The amazing Ivanpah solar power in Nipton, California. Credit: BrightSource Energy.

The amazing Ivanpah solar power in Nipton, California. Credit: BrightSource Energy.

Despite the country is run at a federal level by climate change deniers and literally big oil CEOs, many legislators resist the current Administration’s quest of undoing anything related to clean tech. Democrat Kevin de Léon, for instance, just introduced a bill last Friday in the state’s senate that if passed would force the sunny state to generate 100% of its electricity from renewable sources by 2030. The same bill would require California to get half of its electricity from renewables by 2025.

California is already required to generate half of its electricity from renewable sources such as wind or solar by 2030 by a bill that was sponsored by the same de Léon. Now, the senator wants to up the stakes with a far more ambitious target by introducing SB 584. And he’s actually right for drawing more ambition given Pacific Gas & Electric Company, Southern California Edison and San Diego Gas & Electric Company — the three biggest utilities in the state — were already meeting 24-35% of their electricity with renewables in 2015.

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If the new bill is passed, California will join the ranks of a select few climate champion municipalities and states.

In the United States, 23 cities have pledged to go 100 percent renewable in the next twenty years. These include San Diego, California (by 2035), Rochester, Minnesota (by 2031), Grand Rapids, Michigan (by 2020) or East Hampton, New York (2020). Some cities have already met their goal, such as the small ski-resort town of Aspen which gets all of its electricity from wind and water. It was the third US city to earn the distinction in 2015. Georgetown, Texas, is just one year off from its 100% renewable-energy goal.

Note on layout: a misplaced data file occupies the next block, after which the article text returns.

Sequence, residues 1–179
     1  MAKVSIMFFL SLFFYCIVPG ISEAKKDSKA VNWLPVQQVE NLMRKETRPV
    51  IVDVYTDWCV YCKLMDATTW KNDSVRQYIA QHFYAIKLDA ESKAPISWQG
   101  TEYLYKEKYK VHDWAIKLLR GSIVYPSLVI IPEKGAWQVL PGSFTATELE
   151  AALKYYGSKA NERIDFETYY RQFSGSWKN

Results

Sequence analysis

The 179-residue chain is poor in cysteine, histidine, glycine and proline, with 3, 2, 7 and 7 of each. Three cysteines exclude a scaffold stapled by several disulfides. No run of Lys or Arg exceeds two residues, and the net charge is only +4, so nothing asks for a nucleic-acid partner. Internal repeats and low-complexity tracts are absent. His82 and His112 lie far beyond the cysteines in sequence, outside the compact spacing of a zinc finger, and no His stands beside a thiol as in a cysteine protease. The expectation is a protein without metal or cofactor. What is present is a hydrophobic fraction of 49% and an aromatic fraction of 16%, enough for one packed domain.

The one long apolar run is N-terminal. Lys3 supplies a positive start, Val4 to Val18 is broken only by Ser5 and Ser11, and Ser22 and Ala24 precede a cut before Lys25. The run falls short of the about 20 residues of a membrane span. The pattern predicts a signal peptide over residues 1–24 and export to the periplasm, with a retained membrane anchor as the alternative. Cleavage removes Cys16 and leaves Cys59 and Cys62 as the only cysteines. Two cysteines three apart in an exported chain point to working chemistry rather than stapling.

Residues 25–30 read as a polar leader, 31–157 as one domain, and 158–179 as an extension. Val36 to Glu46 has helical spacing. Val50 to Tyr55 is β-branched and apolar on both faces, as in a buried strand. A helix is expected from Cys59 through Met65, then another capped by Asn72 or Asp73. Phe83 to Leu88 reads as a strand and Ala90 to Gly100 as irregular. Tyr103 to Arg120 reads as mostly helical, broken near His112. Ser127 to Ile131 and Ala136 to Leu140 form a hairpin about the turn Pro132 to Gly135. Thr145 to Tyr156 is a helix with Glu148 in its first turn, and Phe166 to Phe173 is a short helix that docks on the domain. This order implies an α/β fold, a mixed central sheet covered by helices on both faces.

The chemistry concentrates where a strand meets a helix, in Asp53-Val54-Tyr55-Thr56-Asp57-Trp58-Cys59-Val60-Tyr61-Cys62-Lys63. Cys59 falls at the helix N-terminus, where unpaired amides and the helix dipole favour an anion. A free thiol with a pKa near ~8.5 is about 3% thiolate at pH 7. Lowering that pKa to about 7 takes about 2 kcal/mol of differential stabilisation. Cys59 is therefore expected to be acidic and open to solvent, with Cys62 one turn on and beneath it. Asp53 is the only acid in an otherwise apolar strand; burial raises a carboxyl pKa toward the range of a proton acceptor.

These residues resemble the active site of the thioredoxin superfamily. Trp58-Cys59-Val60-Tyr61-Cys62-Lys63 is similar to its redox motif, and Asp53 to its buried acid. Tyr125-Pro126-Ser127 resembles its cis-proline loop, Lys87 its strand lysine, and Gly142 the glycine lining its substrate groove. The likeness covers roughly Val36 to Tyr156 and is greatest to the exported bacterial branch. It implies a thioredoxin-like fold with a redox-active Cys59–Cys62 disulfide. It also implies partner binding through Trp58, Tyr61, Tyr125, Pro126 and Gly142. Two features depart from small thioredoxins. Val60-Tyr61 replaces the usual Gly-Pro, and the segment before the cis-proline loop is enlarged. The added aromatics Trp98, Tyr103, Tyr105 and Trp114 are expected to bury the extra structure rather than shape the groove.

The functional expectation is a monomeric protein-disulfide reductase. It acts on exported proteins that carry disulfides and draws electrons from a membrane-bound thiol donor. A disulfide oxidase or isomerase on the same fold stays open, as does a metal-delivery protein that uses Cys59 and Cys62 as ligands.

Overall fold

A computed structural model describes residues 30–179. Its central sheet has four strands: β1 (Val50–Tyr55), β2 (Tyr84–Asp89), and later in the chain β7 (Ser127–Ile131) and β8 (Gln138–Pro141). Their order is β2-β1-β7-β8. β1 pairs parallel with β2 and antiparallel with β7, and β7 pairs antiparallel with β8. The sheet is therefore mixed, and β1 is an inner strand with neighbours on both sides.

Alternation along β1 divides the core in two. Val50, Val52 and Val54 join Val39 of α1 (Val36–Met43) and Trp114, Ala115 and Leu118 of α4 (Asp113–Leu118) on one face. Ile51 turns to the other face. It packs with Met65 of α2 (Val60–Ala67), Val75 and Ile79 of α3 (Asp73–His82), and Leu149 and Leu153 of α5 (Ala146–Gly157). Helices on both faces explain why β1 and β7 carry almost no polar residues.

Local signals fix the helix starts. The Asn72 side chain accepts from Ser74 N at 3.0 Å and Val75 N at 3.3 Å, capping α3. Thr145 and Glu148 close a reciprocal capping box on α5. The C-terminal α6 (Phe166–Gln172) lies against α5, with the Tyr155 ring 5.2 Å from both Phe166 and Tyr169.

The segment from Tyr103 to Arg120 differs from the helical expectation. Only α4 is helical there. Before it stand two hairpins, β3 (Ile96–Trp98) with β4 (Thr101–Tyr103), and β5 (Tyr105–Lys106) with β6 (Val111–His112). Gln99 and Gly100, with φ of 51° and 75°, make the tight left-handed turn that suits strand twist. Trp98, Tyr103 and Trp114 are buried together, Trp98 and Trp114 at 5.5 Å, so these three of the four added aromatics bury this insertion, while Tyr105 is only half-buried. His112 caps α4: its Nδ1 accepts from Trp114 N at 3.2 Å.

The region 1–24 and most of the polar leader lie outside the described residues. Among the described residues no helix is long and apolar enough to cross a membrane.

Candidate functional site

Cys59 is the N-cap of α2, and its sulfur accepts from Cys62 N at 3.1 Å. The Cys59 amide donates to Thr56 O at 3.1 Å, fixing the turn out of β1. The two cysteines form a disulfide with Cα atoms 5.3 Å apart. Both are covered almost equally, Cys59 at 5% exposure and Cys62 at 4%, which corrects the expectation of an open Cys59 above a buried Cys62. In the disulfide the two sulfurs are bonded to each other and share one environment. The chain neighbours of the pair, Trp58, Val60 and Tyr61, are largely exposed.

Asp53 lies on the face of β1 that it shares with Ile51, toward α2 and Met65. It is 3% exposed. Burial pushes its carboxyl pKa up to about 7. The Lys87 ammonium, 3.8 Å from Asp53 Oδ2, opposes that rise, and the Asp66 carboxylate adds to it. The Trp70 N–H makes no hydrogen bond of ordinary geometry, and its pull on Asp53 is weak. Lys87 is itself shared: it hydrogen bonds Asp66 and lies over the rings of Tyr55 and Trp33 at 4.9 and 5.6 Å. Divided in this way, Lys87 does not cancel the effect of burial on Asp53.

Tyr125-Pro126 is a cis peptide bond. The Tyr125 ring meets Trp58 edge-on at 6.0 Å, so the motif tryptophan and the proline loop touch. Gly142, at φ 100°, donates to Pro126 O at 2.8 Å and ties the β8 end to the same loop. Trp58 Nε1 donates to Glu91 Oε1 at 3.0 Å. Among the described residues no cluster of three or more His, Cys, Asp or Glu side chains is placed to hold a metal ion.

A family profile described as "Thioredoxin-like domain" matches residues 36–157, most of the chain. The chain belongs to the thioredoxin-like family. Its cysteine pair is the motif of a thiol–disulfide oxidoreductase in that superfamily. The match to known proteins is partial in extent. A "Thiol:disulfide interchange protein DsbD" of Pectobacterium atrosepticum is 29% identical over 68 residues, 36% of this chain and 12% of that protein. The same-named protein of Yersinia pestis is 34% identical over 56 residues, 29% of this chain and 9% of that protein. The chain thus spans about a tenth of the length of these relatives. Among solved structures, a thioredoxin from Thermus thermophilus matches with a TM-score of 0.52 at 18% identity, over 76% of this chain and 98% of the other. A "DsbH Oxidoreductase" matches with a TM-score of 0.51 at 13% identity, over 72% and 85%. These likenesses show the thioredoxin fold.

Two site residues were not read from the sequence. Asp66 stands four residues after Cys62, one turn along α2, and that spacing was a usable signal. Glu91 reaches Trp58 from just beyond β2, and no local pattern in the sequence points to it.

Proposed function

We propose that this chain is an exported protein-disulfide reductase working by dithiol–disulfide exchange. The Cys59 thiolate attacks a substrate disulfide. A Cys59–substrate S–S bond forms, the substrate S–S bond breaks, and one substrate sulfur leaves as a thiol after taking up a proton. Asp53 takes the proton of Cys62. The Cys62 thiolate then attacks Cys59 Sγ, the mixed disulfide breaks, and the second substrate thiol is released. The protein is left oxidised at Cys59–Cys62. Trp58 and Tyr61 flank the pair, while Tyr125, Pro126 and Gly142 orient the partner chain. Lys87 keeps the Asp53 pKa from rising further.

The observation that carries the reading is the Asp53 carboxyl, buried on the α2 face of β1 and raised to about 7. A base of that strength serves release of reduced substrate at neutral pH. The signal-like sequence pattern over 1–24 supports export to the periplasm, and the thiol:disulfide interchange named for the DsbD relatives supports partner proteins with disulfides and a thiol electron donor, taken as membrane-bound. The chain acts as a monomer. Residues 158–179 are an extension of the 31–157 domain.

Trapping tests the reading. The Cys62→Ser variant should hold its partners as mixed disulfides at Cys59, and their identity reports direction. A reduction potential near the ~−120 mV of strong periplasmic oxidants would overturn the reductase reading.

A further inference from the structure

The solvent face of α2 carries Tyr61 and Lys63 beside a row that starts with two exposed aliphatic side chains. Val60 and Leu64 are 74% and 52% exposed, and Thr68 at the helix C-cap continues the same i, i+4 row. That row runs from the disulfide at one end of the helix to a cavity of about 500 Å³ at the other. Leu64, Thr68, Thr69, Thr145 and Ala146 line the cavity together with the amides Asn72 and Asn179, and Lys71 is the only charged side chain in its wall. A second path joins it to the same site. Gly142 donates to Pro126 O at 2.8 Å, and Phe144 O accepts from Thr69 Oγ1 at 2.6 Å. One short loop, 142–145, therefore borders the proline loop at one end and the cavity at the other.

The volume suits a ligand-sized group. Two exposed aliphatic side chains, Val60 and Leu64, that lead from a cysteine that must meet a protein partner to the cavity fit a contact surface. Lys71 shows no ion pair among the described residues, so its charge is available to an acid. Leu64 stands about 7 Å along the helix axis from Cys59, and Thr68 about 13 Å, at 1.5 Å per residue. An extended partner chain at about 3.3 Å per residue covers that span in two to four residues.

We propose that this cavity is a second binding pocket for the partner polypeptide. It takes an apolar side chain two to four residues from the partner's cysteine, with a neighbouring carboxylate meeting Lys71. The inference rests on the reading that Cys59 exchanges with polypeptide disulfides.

But pledging to do something versus being required to is a totally different ball game, as is policy at a state level versus a municipal one, which is why such bills are extremely important. But California wasn’t the first to be this ambitious in the United States. Hawaii beat California to it with a 100% by 2045 mandate and recently ThinkProgress reported lawmakers in Massachusetts have proposed a bill that would require the state to get all of its energy from renewables — that’s electricity, heating, transportation, literally everything.